How to Be a Cheater: Why I Said I Never Would & Why I Did. ~ Lindsay Timmington


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I cheated on my husband.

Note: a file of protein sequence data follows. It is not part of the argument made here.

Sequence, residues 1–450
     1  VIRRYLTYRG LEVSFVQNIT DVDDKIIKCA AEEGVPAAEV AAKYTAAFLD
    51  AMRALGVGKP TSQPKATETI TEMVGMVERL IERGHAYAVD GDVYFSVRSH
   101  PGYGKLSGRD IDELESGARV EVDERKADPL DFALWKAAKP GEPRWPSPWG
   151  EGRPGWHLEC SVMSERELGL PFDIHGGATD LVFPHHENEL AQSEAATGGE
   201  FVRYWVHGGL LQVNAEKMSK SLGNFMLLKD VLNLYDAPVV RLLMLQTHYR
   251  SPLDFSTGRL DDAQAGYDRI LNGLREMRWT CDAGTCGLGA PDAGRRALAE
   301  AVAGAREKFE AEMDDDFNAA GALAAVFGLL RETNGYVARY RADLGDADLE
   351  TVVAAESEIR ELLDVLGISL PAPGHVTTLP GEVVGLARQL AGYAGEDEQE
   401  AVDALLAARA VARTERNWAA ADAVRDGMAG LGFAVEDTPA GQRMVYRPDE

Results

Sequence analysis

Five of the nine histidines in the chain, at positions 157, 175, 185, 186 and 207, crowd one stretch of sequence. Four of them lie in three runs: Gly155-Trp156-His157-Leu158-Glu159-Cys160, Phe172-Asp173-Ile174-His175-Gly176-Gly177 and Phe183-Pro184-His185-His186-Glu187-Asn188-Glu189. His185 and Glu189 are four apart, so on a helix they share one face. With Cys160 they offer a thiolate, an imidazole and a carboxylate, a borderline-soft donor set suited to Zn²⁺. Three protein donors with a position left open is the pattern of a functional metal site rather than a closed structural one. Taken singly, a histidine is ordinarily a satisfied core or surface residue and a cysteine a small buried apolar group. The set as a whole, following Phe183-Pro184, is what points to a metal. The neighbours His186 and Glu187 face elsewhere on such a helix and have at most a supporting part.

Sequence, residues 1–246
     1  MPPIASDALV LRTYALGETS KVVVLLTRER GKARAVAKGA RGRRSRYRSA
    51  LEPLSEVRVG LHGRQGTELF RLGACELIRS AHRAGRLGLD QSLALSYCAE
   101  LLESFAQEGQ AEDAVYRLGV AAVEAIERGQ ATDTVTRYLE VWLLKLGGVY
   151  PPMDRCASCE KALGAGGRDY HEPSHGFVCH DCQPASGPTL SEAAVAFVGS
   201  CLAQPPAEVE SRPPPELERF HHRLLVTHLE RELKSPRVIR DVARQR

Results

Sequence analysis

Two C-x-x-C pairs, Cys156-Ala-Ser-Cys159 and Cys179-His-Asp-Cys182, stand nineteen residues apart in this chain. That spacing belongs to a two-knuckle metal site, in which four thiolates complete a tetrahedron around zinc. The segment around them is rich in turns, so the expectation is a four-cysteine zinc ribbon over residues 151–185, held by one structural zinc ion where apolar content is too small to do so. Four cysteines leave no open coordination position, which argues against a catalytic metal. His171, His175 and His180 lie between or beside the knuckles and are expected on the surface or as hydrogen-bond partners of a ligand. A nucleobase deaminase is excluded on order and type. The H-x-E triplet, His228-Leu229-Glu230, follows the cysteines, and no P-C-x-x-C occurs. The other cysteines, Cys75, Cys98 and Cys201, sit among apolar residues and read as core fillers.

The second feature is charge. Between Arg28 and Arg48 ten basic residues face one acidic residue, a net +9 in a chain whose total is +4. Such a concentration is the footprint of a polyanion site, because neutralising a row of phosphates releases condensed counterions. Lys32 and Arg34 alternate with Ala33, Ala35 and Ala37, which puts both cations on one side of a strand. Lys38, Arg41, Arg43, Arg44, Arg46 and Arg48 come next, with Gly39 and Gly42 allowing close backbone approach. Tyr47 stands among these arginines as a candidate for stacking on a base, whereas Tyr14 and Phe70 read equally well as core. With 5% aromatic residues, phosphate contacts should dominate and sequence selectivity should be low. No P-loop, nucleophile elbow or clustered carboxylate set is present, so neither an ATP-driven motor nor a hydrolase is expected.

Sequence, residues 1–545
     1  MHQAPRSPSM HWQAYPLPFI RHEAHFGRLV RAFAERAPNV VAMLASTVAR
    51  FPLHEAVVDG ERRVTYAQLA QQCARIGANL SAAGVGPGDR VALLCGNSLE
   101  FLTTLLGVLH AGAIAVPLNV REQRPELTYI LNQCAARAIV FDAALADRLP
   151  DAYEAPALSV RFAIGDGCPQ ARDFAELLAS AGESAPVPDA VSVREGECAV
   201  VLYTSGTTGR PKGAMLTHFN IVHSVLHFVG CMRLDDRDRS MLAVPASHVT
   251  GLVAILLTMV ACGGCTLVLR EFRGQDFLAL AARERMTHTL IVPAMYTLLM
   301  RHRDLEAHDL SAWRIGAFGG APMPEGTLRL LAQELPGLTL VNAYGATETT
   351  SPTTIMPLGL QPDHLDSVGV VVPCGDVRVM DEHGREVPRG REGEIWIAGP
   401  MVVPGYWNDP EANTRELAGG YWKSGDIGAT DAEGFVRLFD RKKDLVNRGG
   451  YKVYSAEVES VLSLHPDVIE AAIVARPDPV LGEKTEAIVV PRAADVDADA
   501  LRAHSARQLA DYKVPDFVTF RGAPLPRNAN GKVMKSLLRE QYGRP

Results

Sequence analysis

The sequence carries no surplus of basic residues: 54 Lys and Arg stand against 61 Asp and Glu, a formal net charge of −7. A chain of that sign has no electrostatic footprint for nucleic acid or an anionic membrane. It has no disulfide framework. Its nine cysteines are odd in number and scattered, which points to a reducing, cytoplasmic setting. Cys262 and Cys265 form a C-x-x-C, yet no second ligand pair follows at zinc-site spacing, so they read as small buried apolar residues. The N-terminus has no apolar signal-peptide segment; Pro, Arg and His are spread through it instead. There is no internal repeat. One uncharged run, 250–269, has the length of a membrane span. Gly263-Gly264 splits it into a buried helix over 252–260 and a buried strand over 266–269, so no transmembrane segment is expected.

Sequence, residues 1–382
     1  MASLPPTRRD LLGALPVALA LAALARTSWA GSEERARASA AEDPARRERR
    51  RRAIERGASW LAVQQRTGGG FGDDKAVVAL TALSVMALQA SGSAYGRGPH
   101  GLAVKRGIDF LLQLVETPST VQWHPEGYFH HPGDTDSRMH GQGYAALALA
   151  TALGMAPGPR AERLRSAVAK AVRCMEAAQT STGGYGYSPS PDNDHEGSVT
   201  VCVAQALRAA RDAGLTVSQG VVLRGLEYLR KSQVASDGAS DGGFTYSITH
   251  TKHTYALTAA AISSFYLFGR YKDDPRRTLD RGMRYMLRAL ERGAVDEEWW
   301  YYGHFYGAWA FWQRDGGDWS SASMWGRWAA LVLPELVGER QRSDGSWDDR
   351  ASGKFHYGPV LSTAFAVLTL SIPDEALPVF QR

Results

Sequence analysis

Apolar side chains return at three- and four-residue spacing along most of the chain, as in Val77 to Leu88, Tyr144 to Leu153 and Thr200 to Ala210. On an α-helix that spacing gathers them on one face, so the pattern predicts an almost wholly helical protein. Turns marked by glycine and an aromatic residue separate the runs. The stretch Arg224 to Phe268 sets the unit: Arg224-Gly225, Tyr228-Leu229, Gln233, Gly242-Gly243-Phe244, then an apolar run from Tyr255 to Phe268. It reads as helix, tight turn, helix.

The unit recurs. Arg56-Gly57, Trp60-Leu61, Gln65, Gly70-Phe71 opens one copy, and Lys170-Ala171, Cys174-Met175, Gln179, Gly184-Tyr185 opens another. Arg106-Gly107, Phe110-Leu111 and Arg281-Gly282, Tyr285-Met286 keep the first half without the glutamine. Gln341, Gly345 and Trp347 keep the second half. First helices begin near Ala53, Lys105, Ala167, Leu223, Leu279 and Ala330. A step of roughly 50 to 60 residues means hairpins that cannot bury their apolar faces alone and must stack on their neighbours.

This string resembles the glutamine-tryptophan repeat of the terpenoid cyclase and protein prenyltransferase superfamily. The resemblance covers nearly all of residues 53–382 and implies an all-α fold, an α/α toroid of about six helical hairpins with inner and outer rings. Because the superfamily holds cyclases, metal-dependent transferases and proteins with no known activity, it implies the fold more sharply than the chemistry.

This happened even though in my family, we were raised to believe in commitment. Particularly when it came to marriage. Barring the three deal-breaking A’s—abuse, adultery & addiction—you stuck it out, no matter what. And until recently I reasoned away the infidelity: we were separated. He’d been cheating on me for our entire three years of marriage. I was mad. I was hurt. I was drunk. I wanted to see if he was capable of feeling the type of pain he’d forced me to live in for so long. As a yoga practitioner and certified yoga instructor I believe in the yamas—a series of guidelines for ethical living. I believe I’m a good person, kind and loving, generous and loyal. But by sleeping with another man while married I broke all of these rules. I cheated.